The following are some famous musicians in Bolivia. You can read about more famous Bolivians by visiting our Famous People from Bolivia
home page where you'll find many other categories. You can also ask questions about any famous Bolivian person or add another famous person from Bolivia
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This group is among Bolivia's most famous musicians and was created in 1965 by the three Hermosa brothers of Cochabamba. At first only the three oldest members of the family formed the group along with Edwin Villarroel, a friend of theirs. When two of the brothers, Ulises and Wilson, died another brother and several other members joined the group, which has changed members several times throughout its history. Current members of the group are Elmer Hermosa, Gonzalo Hermosa, Gastón Guardia, Gonzalo Hermosa II, Lin Angulo and Makoto Shishido from Japan.
Another of our famous musicians, and also a composer, born in Tarija in 1927. Of humble origins, he had several jobs, working first as a shoemaker until a teacher discovered his talent with the guitar and helped him enter the Sucre College for Teachers where he graduated as a music teacher. His composed mostly folkloric rhythms from Tarija, such as the “cueca”. He died in 2004.
A musician and composer born in Yacuiba (Tarija) in 1963. He ha played the guitar and composed music since he was eight years old and for a time was a member of a “trio” until he launched his solo career in the 1990’s. His music is folkloric with rhythms that are typical to the Chaco region and for this he is a welcome guest at the Tradición Chaqueña festivals that are celebrated in Bolivia as well as in Northern Argentina and Paraguay. He has recorded 7 albums.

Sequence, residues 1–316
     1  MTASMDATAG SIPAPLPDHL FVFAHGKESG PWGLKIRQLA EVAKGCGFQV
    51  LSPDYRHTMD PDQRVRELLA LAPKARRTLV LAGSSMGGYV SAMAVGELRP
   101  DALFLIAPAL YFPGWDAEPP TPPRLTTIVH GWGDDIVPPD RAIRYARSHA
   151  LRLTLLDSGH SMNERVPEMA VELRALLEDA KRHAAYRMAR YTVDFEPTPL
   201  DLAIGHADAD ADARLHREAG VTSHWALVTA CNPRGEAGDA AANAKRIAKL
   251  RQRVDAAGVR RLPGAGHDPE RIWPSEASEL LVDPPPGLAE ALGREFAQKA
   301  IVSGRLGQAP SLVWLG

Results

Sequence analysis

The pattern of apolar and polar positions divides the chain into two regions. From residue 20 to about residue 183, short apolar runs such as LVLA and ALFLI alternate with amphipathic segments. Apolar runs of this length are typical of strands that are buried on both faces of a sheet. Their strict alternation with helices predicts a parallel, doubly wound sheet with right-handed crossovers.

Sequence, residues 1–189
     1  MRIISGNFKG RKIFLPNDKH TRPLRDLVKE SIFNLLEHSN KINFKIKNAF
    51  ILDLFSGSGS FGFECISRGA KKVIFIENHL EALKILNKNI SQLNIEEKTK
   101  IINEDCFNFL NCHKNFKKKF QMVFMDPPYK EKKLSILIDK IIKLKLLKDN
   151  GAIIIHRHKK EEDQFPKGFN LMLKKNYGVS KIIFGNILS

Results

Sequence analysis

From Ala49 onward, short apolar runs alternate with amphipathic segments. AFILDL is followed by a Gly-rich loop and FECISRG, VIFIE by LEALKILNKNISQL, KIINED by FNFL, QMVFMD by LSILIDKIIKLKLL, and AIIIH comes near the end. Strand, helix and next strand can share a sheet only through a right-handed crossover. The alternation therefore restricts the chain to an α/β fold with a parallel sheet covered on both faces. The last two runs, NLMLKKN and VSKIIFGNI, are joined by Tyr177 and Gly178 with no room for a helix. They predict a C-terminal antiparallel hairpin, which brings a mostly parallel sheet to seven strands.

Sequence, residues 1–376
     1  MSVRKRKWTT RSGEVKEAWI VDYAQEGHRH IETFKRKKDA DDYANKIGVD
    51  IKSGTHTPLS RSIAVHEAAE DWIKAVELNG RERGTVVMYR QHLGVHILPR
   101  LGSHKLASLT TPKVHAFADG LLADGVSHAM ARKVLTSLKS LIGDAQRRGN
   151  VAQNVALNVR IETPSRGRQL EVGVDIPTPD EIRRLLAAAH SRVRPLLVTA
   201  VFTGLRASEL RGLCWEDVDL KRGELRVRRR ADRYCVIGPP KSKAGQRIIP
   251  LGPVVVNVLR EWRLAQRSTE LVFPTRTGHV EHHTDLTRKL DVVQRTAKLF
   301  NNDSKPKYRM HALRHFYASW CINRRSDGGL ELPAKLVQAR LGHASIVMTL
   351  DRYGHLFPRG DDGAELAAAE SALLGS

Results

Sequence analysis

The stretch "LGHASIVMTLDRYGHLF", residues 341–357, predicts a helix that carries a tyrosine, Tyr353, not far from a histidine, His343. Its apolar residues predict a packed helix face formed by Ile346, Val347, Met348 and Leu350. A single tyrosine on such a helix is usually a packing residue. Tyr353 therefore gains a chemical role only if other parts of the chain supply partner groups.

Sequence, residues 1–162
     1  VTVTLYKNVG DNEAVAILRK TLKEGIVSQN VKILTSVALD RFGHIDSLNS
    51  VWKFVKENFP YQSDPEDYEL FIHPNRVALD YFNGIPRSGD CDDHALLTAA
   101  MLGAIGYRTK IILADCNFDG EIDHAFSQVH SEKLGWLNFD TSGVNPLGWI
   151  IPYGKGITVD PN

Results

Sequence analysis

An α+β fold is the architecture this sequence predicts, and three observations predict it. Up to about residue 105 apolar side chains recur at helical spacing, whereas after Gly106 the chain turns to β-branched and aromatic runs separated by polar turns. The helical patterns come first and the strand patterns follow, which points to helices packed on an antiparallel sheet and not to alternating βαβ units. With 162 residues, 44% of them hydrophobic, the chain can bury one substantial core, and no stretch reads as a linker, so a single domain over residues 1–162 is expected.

A singer born in Santa Cruz de la Sierra in 1933. Known for her pretty voice, she recorded records over more than four decades as a folklore singer from Eastern Bolivia and was named the Bolivian Song Ambassador. She died in 2005.
Urubicha Choir and Orchestra
This orchestra began as mere singing classes taught by Rubén Darío Suárez Arana to Guarayo children in the little town of Urubicha (Santa Cruz) in 1996. Convinced that the children had an innate aptitude for music, he put violins in their hands and although they had never touched these instruments in their lives, he encouraged them to practice. The children learned so well that Suárez Arana formed the Children’s Choir and Orchestra with 65 of them and presented them that year at the First Renaissance and Baroque Music Festival in the Jesuit Missions of Chiquitos in Santa Cruz where they surprised everyone. Since then both the orchestra and the choir, the only ones whose members are exclusively indigenous, have been the stars of both the national and international versions of the Baroque Music Festival and have also traveled overseas. Suárez Arana has received many awards, from the Bolivian government and even the King of Spain.
Kalamarka is an Andean group that travels all over the world. We had a the chance to interview them. Read all about Kalamarka here.